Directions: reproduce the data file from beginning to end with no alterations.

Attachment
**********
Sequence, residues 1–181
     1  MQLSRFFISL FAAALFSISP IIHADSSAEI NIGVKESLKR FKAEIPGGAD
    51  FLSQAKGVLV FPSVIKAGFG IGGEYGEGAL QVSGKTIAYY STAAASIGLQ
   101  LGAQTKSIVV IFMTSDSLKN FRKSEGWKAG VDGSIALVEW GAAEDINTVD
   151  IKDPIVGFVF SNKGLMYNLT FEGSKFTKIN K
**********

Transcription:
Sequence, residues 1–181
     1  MQLSRFFISL FAAALFSISP IIHADSSAEI NIGVKESLKR FKAEIPGGAD
    51  FLSQAKGVLV FPSVIKAGFG IGGEYGEGAL QVSGKTIAYY STAAASIGLQ
   101  LGAQTKSIVV IFMTSDSLKN FRKSEGWKAG VDGSIALVEW GAAEDINTVD
   151  IKDPIVGFVF SNKGLMYNLT FEGSKFTKIN K